“It felt insurmountable to be surrounded by that much negativity and disbelief,” Garbee said. “So as soon as I kind of figured that out, I wanted out.”

Garbee quickly found out, though, that leaving wouldn’t be a realistic option.

SU officials declined to comment on any aspects of the incident because they were unauthorized to discuss matters related to specific students. But Garbee said she was told by SU that if she were to return home, she would lose credits for the courses she was taking and thus the tens of thousands of dollars she was paying toward tuition.

It felt insurmountable to be surrounded by that much negativity and disbelief. So as soon as I kind of figured that out, I wanted out.
Page Garbee

With two weeks left in the semester, Garbee said SU reversed course and informed her she could leave without being penalized, but by that point it was too late, she said.

“It was frustrating that there was not an exception made earlier,” she said.

Forced to stay in Poland, day-to-day life was a struggle for Garbee. She felt secluded and ostracized, as the other students in the program continued to not believe her. She suffered frequent panic attacks. And she said she was diagnosed with both post-traumatic stress disorder and acute anxiety disorder.

Maybe most difficult, though, was living in the same apartment as the rest of the students in the program, including the student who was found to have assaulted her. Garbee filed a no-contact order, which SU granted, prohibiting the student from having any contact with her. That forced the student to move away from the apartment, but not before SU first asked Garbee to move and she refused, she said.

The student was ultimately found responsible for the assault through a University Conduct Board hearing. The board reached the decision in mid-November, according to documents Garbee shared with The Daily Orange.

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The student was permitted to stay in the program for the remainder of the semester, even though the SU Abroad website states that students studying abroad “must remain a student in good standing (academic, financial, and judicial) to participate in our programs.”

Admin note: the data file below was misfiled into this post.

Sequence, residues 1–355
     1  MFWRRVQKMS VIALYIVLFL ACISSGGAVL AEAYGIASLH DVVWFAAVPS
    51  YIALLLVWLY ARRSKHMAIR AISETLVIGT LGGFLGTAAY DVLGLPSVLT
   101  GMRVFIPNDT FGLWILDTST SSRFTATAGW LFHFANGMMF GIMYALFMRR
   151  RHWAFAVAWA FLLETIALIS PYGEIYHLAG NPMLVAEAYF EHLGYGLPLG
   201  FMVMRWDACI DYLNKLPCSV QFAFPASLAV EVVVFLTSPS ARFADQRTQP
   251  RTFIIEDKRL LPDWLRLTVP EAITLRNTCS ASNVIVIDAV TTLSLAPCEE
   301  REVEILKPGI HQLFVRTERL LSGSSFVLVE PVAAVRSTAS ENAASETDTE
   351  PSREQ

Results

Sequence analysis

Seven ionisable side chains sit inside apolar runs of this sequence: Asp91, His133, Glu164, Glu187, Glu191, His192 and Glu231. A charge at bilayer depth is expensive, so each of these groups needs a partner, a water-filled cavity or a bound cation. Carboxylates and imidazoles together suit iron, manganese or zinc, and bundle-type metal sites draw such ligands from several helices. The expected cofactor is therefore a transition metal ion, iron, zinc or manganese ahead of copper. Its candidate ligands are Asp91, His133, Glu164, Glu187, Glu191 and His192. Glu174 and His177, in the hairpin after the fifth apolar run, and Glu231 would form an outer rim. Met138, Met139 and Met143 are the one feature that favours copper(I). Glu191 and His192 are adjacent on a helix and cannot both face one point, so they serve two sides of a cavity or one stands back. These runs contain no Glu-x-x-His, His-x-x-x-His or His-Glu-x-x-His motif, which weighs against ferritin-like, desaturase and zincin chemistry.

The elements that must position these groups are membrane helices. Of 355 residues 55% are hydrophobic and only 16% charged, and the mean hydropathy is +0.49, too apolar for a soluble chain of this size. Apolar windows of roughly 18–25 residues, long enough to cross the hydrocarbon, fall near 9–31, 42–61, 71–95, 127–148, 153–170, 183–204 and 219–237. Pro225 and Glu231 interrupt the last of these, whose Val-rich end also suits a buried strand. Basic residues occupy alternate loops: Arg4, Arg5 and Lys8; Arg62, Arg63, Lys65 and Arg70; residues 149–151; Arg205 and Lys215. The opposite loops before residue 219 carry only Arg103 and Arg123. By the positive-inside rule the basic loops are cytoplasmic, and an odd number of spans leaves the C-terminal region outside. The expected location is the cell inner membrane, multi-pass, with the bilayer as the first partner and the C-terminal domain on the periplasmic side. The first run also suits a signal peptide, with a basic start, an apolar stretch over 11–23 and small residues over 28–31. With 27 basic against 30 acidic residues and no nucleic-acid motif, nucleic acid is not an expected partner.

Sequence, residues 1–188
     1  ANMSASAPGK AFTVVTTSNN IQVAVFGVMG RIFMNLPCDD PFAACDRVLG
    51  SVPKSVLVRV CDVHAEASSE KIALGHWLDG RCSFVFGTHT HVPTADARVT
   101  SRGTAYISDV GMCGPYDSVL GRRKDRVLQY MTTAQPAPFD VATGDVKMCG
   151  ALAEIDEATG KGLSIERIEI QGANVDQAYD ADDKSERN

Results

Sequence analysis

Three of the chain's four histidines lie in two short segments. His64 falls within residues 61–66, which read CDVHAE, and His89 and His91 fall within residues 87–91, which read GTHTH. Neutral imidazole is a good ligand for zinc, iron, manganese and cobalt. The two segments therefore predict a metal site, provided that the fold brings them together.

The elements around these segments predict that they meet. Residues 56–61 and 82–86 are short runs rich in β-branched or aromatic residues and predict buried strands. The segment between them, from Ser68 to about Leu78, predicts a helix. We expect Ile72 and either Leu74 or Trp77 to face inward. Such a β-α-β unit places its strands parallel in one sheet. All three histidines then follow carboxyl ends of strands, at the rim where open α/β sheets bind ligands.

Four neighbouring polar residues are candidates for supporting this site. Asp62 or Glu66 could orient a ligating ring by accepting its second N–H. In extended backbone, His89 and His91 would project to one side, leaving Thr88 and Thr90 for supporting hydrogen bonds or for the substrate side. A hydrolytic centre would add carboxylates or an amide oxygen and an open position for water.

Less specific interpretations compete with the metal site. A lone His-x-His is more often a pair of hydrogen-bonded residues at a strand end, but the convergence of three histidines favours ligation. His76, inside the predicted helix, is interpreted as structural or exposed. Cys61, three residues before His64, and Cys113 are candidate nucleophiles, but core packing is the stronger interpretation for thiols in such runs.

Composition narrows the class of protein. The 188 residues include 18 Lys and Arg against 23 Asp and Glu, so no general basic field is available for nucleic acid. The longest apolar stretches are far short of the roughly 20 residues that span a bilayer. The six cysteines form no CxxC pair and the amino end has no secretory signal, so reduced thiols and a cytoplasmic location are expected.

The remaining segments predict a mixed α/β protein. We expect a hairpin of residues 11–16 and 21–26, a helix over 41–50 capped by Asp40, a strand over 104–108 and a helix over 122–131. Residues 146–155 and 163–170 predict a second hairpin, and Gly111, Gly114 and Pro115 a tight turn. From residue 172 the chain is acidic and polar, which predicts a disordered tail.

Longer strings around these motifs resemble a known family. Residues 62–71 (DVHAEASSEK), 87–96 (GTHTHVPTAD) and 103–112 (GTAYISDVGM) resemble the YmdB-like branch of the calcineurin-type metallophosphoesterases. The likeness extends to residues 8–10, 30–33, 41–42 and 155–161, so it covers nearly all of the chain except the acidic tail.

SU Abroad declined to comment on the specific incident, but marketing and communications manager Jenn Horvath said in an email that SU Abroad is notified when a student abroad violates the Code of Student Conduct.

She added that SU Abroad has the ability to suspend or terminate a student’s participation in the SU Abroad program when that happens.

“Or if SU Abroad believes that the student’s participation poses a danger to the student or others or threatens to impede orderly conduct of the SU Abroad programs,” Horvath said.

“They definitely had grounds for removing him and sending him home early and they chose not to,” Garbee added. “And I think that was detrimental, particularly in such a small program.”



hen Garbee returned to SU for the spring 2015 semester — her last before she graduated — she still couldn’t escape the assault and its impact.

The panic attacks continued, and they didn’t stop until March of that semester. She also lost friends who didn’t believe her, including one who was a mutual friend of Garbee and the student who assaulted her.

Meanwhile, the student avoided severe repercussions, at least in the form of sanctions. He received disciplinary probation and community service, according to documents Garbee shared with The Daily Orange.

Those penalties are the minimum penalties for crimes of violence, according to the SU Office of Student Rights and Responsibilities’ website, which stipulates that such crimes can also be grounds for a suspension or indefinite suspension.